Before and while planning lessons, it is important to keep in touch with and learn from your school community. This includes the special education teacher, paraprofessionals/aids, parent/guardian, general education teacher, principal, and school counselor. With their different experiences and training, these people can provide unique perspectives on students, information about the childrens strengths and needs, and suggestions for how to work with individual students.

Since students with ASD have sensory sensitivities and music is multisensory in nature, I like to approach lesson adaptations based on sensory needs. Below are ideas of adaptations categorized by their impact on the three music senses.

Motor Movements

Auditory Skills

Visual Abilities


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What Is Sensory Integration

Sensory integration or sensory processing is the way in which we gather and process information about the world around us through our senses. Sensory integration isnt just our sense of sight, smell, taste, touch, or sound, but also how our body is oriented and moves in space.

Sensory integration is comprised of eight total systems, but there are three sensory systems that are the most negatively affected when someone has challenges with sensory processing:

  • The tactile system: This system is responsible for recognizing touch sensations, like pressure or temperature, through the skin.
  • The proprioceptive system: This system is responsible for informing us of where we are in space through our muscles and joints.
  • The vestibular system: This system is composed of a complex organ in the ear, responsible for determining our movement and balance.

Sensory integration dysfunction can look different for everyone.

For example, people who have sensory modulation challenges may experience an underreaction or overreaction to sensory input, while people with sensory discrimination challenges may have trouble distinguishing between senses. And in people with sensory-based motor challenges, it can be difficult to move or stabilize the body.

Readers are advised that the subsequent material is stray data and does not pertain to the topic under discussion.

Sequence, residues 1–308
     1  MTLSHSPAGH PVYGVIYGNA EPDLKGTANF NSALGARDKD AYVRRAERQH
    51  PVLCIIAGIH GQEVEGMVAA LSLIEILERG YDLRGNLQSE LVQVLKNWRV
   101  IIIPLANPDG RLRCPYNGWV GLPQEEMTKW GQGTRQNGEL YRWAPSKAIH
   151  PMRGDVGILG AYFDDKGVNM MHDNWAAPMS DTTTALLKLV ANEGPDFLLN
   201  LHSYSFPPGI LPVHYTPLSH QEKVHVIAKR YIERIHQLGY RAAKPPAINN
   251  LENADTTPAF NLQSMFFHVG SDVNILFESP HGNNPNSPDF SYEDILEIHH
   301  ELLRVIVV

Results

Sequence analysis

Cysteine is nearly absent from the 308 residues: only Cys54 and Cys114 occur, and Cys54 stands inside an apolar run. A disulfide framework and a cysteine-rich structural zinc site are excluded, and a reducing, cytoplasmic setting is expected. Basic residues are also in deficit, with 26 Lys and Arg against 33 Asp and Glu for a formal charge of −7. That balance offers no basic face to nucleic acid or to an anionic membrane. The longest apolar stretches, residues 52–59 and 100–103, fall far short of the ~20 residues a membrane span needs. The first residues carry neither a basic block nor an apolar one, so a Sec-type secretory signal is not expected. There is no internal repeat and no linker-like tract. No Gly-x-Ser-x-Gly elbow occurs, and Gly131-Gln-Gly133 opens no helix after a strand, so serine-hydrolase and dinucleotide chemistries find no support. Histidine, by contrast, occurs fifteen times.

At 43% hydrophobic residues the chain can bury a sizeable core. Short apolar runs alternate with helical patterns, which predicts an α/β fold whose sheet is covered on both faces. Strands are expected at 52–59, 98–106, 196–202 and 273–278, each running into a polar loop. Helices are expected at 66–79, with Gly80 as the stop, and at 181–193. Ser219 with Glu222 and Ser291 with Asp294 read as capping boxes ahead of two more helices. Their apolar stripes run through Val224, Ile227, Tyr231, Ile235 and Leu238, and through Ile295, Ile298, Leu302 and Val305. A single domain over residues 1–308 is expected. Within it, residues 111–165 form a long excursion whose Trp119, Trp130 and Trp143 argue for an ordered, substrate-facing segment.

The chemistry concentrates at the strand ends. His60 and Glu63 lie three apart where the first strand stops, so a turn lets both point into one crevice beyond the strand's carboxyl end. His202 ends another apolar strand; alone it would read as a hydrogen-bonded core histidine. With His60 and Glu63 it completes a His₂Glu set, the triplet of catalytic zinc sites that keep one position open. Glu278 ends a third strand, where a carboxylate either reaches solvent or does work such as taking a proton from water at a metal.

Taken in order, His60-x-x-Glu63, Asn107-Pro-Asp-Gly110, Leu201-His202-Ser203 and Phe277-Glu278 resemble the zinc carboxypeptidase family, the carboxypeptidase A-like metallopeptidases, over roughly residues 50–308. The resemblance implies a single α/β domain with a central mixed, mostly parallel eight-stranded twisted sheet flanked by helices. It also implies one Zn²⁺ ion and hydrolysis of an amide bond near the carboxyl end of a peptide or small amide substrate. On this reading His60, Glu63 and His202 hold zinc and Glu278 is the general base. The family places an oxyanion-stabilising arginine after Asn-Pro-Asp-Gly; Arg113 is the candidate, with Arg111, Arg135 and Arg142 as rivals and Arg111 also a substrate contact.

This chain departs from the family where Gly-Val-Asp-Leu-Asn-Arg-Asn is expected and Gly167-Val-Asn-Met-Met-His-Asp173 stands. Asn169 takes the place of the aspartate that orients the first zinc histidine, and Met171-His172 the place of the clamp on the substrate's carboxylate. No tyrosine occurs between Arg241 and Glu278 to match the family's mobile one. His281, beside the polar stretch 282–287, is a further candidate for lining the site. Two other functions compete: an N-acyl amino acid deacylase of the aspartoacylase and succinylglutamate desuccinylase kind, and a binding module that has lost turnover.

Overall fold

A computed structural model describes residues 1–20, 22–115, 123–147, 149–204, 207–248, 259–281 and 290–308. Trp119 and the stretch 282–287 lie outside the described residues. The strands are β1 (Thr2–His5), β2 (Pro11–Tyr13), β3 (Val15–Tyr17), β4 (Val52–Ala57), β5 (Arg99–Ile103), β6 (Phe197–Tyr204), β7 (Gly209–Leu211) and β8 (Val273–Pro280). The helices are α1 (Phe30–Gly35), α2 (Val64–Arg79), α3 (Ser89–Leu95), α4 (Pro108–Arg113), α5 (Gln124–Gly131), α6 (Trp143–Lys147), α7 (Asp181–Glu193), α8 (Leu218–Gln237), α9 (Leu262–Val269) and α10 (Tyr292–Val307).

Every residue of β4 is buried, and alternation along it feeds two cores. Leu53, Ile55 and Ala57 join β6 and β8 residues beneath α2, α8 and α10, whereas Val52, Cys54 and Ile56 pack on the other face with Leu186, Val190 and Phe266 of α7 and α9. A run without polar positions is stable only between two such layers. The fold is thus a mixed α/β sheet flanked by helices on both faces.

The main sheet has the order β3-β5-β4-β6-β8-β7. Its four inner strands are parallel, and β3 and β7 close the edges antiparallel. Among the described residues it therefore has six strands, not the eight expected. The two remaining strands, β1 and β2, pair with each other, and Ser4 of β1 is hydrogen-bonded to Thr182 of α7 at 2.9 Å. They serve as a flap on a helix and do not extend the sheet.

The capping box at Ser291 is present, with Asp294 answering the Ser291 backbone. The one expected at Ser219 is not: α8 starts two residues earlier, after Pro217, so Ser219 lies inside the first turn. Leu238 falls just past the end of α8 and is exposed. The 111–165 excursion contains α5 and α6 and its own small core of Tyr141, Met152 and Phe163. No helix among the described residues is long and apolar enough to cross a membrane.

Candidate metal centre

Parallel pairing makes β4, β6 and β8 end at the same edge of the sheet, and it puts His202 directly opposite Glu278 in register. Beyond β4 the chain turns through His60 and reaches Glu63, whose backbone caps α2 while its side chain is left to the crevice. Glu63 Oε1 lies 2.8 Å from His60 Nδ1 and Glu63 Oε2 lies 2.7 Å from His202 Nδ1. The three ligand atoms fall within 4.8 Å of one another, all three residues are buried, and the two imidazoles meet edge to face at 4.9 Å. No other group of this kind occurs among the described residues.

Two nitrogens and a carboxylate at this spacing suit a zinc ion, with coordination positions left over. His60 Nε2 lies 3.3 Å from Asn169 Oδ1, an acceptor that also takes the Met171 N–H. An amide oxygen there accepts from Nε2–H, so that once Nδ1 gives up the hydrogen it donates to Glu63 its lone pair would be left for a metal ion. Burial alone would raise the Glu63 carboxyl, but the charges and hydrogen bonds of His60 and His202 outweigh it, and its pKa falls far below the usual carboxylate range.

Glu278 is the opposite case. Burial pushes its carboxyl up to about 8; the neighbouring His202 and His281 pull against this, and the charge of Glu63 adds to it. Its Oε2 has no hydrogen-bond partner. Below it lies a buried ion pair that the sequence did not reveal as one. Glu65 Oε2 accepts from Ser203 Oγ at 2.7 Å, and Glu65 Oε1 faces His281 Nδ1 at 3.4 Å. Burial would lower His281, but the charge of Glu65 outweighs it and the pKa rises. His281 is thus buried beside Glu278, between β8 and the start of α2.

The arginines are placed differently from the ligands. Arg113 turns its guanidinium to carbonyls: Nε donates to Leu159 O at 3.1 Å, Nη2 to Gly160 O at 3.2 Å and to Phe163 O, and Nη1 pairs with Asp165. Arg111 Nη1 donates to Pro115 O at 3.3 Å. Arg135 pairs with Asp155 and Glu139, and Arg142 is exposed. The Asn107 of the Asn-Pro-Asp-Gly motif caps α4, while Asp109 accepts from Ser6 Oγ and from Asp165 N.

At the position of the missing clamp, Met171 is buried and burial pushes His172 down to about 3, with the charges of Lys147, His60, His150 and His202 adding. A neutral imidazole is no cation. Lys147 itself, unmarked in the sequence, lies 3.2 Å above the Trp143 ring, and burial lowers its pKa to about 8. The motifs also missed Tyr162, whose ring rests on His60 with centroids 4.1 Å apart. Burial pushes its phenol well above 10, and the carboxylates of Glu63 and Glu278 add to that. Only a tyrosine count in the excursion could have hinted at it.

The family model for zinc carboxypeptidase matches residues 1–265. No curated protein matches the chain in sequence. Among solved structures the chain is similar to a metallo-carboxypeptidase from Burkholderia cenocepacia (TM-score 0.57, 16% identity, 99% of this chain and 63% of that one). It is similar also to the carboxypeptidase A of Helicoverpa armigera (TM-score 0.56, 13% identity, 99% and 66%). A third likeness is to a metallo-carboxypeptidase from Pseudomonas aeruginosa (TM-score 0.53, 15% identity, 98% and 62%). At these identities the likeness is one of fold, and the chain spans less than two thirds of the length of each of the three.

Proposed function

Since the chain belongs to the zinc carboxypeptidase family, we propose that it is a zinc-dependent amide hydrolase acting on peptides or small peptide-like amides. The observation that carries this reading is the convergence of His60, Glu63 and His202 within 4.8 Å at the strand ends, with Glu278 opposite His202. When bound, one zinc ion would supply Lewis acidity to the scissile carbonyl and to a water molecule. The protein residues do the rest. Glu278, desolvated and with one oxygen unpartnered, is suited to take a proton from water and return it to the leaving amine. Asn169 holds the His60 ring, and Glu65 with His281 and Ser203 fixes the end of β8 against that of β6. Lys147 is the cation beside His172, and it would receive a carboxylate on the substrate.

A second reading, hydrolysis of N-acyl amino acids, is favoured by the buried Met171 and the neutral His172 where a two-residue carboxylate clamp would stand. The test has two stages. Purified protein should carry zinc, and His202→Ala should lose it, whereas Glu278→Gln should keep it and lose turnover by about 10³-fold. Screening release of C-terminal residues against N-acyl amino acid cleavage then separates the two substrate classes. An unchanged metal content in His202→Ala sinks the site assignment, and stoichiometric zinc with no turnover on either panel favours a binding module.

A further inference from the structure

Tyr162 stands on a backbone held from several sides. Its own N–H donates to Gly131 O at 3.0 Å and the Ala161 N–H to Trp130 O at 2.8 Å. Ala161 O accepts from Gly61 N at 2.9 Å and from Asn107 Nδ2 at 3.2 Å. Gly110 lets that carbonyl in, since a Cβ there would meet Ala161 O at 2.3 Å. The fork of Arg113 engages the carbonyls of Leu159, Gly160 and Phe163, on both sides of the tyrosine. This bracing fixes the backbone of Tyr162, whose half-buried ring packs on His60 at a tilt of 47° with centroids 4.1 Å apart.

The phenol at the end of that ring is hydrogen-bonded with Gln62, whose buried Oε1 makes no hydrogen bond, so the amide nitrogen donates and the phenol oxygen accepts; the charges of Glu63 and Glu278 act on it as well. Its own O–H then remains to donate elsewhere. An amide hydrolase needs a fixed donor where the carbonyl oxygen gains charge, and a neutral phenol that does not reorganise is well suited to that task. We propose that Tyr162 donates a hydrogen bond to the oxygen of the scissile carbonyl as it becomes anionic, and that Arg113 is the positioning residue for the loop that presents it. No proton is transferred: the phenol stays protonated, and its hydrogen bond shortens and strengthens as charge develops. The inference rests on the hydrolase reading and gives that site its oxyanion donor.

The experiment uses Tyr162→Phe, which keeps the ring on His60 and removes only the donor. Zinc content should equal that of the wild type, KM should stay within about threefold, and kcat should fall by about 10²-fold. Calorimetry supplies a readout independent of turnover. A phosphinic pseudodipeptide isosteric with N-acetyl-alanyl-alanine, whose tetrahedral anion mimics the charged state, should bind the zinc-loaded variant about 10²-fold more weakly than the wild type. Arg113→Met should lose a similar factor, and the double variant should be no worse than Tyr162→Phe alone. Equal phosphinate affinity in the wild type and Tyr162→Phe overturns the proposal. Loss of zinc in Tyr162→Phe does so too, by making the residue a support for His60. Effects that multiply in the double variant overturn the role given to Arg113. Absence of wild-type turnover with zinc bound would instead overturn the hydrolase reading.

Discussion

However, while research on sensory integration therapy for ASD does exist, its still quite limited.

Ultimately, while ASI specifically may be a helpful option for certain people with ASD, more research is needed.

Make Music For The Ears

Using a sound panel can encourage proper interaction between motion and sound. We can encourage an individual to mimic a sound with the reward of providing the sound with touch or a switch. Sound, such as synthesized or background music, can also provide a filter for calming, organizing, or modulating sensory information. In addition, an integrative listening system can be used to stimulate brain waves that are more conducive to interaction and attention.

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Who Conducts Sensory Integration Therapy

Occupational therapists are healthcare professionals who use a variety of therapeutic approaches to help people perform their daily tasks, both inside and outside of the home.

Occupational therapists play a huge role in helping people especially those with autism spectrum disorder manage sensory symptoms. According to the American Occupational Therapy Association , some of the people who can benefit the most from occupational therapy include:

  • Infants and toddlers: For infants and toddlers, occupational therapy can improve the different aspects of early life, such as playtime, sleep, meals, and socialization.
  • School-age children: For school-age children, occupational therapy can help improve things, such as routines, self-care, academics, socialization, and focus.
  • Adolescents: For adolescents, occupational therapy can also help improve additional skills that are important to young adults, such as driving, independence, and even relationships.
  • Adults of any age: For adults of any age, especially those with late diagnoses, occupational therapy can improve school, work, leisure, and relationship skills.

Sensory integration therapy is performed by specially trained occupational therapists to not only help improve immediate sensory symptoms, but also help manage long-term symptoms.

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The recommendation from these studies is to expose children with autism to classical, symphonic or generally instrumental music that is harmonious and pleasant, rather than modified music. Modified music, whether or not it is harmonious, often lacks the melody, rhythm, and richness which is the characteristic of symphonic music.

In addition to listening to music at the end of a Mendability exercise session, Mendability recommends that a good therapy program should include music at bedtime to help a child with autism relax and slow down their racing thoughts.